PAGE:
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Claims against deputies dropped

DAILY NEWS STAFF REPORT

11 months 29 days 16 hours ago |355 Views | | | Email | Print

Julia Roberts Goad

Staff Writer

CHARLESTON - Rulings were made in Charleston this week in a lawsuit against the Mingo County Sheriff’s Department and the Mingo County Commission .

Arvil Runyon, 58, of Varney, sued the MCSD, MCC and then-sheriff Lonnie Hannah, Sgt. Joe Smith and Dep. Michael Miller. He claimed negligent training of law enforcement as to handling disabled arrestees, excessive force by law enforcement and that he was not accommodated for a handicap as required by the Americans with Disabilities Act.

The incident took place in February of 2012, when Runyon contacted Hannah about a vehicle which had been impounded by the sheriff’s department while being used by his son. Hannah told him in order to retrieve the vehicle, he would need to come to the sheriff’s office located on the first floor of the courthouse and speak to Chief Field Deputy James Smith to obtain the keys, the suit said.

Runyon, who is disabled and walks with the use of a cane, said when he went to the sheriff’s office, he was told by Hannah that neither he nor anyone in the office had the keys to the vehicle.

After a brief exchange of words between him and Hannah, Runyon said he attempted to leave

Court documents say Runyon claimed Sgt. Smith “forcibly escorted” him to the door, took his cane and “dragged down the hallway” by members of the Sheriff’s Department. He claimed he was abused.

However, the defendants in the case said Runyon cursed them, refused requests to leave the courthouse, and continued a tirade until Sgt. Smith arrested him for profanity, swearing and obstructing an officer. Runyon was forced to the ground and put in handcuffs.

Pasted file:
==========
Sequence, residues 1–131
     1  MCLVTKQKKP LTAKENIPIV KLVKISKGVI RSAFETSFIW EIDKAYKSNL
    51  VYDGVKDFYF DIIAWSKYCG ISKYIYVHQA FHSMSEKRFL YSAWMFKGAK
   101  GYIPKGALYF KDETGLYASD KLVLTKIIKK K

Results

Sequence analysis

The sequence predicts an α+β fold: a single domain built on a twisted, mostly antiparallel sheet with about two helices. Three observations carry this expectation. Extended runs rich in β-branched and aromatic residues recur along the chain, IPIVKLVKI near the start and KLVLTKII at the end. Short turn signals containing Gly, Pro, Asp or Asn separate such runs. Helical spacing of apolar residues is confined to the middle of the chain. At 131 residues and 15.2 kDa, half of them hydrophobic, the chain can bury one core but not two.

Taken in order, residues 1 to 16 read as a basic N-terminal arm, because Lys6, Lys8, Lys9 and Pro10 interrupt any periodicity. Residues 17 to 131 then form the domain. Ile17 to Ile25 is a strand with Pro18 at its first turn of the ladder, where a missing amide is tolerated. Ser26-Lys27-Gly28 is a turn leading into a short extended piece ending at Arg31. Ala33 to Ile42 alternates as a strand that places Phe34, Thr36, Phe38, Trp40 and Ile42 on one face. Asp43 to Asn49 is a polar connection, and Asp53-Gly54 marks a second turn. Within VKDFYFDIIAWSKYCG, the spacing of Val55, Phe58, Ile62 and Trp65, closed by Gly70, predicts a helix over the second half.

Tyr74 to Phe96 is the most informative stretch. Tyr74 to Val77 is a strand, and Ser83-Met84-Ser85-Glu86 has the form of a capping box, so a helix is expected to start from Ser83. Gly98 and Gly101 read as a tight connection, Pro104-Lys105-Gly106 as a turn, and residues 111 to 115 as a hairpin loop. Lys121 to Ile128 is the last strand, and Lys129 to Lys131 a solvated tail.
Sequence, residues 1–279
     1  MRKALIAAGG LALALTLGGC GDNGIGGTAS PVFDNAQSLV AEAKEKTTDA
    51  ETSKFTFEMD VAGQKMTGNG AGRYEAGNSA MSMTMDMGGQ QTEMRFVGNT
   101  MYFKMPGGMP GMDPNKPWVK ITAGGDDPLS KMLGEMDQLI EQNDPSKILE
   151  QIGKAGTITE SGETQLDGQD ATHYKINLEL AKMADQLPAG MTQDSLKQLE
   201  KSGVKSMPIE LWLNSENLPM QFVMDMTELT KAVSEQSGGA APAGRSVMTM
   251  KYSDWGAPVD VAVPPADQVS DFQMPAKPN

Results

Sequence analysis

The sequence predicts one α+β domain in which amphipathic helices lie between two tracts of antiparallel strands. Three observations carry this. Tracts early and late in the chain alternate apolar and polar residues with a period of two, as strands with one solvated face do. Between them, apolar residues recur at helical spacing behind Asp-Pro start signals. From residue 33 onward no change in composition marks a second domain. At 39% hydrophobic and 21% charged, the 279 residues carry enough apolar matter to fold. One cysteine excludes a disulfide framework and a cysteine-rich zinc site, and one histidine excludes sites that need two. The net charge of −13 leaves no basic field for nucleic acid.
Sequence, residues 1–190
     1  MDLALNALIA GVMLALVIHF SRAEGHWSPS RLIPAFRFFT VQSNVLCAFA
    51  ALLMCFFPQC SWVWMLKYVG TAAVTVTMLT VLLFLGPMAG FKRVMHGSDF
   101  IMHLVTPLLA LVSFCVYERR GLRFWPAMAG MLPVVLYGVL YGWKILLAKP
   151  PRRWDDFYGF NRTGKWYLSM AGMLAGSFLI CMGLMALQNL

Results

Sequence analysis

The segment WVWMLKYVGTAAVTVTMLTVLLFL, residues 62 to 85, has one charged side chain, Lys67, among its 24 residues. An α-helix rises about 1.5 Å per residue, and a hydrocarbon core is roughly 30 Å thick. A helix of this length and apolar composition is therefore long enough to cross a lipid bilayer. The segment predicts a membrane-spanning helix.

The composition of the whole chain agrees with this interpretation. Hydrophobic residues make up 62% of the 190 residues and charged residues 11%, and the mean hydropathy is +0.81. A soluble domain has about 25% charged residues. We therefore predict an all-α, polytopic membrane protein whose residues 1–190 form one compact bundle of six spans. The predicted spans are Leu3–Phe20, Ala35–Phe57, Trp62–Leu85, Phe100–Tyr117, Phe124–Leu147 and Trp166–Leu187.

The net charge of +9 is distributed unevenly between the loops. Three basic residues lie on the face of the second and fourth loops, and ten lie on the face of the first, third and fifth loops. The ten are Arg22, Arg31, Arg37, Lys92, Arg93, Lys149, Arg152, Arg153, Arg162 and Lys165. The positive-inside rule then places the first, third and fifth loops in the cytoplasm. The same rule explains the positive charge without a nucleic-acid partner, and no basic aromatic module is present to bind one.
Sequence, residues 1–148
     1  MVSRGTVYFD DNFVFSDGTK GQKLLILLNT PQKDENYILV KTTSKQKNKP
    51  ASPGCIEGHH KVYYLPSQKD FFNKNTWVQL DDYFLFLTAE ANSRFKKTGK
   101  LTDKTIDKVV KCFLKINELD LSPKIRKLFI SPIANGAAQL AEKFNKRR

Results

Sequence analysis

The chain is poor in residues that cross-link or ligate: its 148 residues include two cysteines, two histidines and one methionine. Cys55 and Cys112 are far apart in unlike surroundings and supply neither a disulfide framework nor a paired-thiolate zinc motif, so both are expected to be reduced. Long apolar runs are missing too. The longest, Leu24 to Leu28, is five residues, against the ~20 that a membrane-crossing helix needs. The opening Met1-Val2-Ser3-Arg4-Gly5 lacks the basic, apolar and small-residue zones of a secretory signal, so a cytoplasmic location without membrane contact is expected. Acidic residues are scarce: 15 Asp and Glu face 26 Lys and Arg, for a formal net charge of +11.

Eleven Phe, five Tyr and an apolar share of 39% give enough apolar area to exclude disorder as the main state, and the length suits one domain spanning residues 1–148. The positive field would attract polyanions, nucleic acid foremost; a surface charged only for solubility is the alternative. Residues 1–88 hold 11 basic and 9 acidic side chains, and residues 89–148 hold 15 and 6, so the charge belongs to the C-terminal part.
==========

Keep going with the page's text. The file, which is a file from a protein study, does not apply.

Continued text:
After his arrest, Runyon had to be arraigned before a magistrate on the third floor the Memorial Building. Runyon was provided a wheelchair to go from the Courthouse to the Memorial Building. However, the elevator in the Memorial Building was out of order. Smith and Miller said they offered to have Runyon arraigned in the basement, but that he refused, saying he could use the staircase with assistance.

Runyon’s lawsuit claimed he was not offered an alternative to going to the third floor, and that instead of helping him up the stairs, Miller and Smith kicked and pushed him as he went up to the third floor. Miller and Smith claimed Runyon went to the third floor without incident.

Runyon pled guilty to battery of an officer.

Last week, U.S. District Judge John Copenhaver dismissed the claims of negligent training and excessive force.

A trial to prove the claims of ADA violations is scheduled for June 18.

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